Smartphone apps for depression and anxiety: a systematic review and meta-analysis of techniques to increase engagement

Smartphone apps for depression and anxiety: a systematic review and meta-analysis of techniques to increase engagement

Wu, A. Scult, M. A. Barnes, E. D. Betancourt, J. A. Falk, A. Gunning, F. M.
npj Digital Medicine
4 (1) (no pagination)
Meta-analyses have shown that digital mental health apps can be efficacious in reducing symptoms of depression and anxiety. However, real-world usage of apps is typically not sustained over time, and no studies systematically examine which features increase sustained engagement with apps or the relationship between engagement features and clinical efficacy. We conducted a systematic search of the literature to identify empirical studies that (1) investigate standalone apps for depression and/or anxiety in symptomatic participants and (2) report at least one measure of engagement. Features intended to increase engagement were categorized using the persuasive system design (PSD) framework and principles of behavioral economics. Twenty-five studies with 4159 participants were included in the analysis. PSD features were commonly used, whereas behavioral economics techniques were not. Smartphone apps were efficacious in treating symptoms of anxiety and depression in randomized controlled trials, with overall small-to-medium effects (g = 0.2888, SE = 0.0999, z(15) = 2.89, p = 0.0119, Q(df = 14) = 41.93, p < 0.0001, I<sup>2</sup> = 66.6%), and apps that employed a greater number of engagement features as compared to the control condition had larger effect sizes (beta = 0.0450, SE = 0.0164, t(15) = 2.7344, p = 0.0161). We observed an unexpected negative association between PSD features and engagement, as measured by completion rate (beta = -0.0293, SE = 0.0121, t(17) = 02.4142, p = 0.0281). Overall, PSD features show promise for augmenting app efficacy, though engagement, as reflected in study completion, may not be the primary factor driving this association. The results suggest that expanding the use of PSD features in mental health apps may increase clinical benefits and that other techniques, such as those informed by behavioral economics, are employed infrequently. Copyright © 2021, The Author(s).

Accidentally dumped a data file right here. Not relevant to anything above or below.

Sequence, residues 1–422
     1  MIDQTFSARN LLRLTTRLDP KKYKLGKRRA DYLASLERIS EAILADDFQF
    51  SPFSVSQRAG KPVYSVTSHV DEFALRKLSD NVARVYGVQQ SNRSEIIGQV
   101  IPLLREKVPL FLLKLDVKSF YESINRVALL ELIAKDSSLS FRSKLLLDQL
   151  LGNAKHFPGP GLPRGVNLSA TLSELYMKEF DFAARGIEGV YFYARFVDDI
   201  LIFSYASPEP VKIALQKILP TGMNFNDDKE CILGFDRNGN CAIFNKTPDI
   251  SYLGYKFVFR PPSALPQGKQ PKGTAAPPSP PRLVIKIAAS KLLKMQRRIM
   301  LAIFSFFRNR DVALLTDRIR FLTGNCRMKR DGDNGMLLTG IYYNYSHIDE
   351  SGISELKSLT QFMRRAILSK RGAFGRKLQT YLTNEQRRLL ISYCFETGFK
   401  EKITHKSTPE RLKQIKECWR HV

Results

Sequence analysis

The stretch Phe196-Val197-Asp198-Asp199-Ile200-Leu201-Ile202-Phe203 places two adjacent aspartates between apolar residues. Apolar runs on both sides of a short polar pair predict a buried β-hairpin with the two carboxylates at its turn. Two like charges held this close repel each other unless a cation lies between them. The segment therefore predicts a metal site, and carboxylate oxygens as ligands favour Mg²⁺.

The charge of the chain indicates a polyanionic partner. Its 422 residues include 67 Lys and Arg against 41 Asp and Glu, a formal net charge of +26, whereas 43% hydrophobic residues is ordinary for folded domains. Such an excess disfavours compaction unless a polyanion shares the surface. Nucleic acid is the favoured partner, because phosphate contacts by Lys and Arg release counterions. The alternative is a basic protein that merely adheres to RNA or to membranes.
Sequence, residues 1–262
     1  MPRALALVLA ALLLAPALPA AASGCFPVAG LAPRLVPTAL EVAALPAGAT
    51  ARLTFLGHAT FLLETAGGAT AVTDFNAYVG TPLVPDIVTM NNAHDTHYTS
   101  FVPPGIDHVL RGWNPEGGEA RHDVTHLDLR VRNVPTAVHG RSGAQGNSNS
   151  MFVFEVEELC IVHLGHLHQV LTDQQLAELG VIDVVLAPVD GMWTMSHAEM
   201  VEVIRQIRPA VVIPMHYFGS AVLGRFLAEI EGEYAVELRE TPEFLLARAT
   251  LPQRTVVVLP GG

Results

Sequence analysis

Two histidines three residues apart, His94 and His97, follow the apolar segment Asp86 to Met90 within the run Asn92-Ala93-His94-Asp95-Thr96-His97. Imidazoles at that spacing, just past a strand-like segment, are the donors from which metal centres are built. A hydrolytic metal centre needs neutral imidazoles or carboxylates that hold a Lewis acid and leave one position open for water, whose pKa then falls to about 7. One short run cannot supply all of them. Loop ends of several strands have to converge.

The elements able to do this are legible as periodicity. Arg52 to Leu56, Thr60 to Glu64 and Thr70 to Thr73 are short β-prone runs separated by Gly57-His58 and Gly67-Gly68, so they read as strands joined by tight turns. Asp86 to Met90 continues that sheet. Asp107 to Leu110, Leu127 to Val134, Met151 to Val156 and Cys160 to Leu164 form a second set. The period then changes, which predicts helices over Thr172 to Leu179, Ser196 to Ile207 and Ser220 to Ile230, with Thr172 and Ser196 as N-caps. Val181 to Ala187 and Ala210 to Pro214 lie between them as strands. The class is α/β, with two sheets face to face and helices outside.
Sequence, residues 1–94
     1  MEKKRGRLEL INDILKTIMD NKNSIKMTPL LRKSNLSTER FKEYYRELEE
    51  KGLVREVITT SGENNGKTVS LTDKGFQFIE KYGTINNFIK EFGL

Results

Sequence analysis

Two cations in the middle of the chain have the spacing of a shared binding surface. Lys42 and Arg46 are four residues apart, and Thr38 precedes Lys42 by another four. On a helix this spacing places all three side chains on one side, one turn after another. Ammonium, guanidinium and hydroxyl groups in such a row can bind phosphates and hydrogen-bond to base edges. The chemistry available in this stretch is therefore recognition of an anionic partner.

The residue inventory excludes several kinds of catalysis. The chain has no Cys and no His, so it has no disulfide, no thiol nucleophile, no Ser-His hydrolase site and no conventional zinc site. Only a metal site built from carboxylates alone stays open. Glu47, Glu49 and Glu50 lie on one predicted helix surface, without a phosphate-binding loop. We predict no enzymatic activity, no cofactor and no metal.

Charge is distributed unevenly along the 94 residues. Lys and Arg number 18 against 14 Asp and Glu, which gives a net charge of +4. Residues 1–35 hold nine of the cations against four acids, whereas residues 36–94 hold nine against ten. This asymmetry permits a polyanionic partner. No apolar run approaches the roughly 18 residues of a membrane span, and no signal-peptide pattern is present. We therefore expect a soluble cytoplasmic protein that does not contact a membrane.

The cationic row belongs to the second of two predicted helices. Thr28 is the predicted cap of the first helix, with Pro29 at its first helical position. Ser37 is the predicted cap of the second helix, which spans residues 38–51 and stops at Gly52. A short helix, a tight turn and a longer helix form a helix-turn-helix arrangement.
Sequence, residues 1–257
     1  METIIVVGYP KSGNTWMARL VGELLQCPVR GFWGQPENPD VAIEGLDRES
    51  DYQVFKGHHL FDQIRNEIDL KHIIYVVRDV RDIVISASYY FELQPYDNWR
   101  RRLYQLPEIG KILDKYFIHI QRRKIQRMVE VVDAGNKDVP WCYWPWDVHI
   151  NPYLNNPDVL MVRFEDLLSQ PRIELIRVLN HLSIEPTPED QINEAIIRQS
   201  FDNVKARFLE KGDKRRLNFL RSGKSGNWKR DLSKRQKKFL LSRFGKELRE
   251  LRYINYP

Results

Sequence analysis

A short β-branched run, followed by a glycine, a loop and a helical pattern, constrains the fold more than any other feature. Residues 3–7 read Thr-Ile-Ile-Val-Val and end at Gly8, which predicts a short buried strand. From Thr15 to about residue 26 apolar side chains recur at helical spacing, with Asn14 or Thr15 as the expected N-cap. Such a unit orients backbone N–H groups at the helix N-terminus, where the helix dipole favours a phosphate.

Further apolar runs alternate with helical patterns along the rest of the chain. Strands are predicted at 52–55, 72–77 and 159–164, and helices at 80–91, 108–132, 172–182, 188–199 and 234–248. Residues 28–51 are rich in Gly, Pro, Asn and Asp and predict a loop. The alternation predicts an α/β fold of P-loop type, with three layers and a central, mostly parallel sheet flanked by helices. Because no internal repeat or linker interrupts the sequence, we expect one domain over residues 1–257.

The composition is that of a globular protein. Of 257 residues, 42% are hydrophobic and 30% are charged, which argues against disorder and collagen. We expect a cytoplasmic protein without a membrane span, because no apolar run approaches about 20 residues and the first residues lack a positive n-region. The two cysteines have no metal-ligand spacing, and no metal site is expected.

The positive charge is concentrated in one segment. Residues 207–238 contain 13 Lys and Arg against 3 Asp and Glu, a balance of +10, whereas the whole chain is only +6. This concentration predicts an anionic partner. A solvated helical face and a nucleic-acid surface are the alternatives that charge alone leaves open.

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Type of intervention

Treatment and Child Welfare Interventions


Mental Health Problems and Disorders

Emotional Problems

Depression and Depressed Mood

Anxiety Problems

Anxiety and Anxiousness


The organization of interventions

E-health interventions

Age group

Adolescents (13-18 years)

Age not specified

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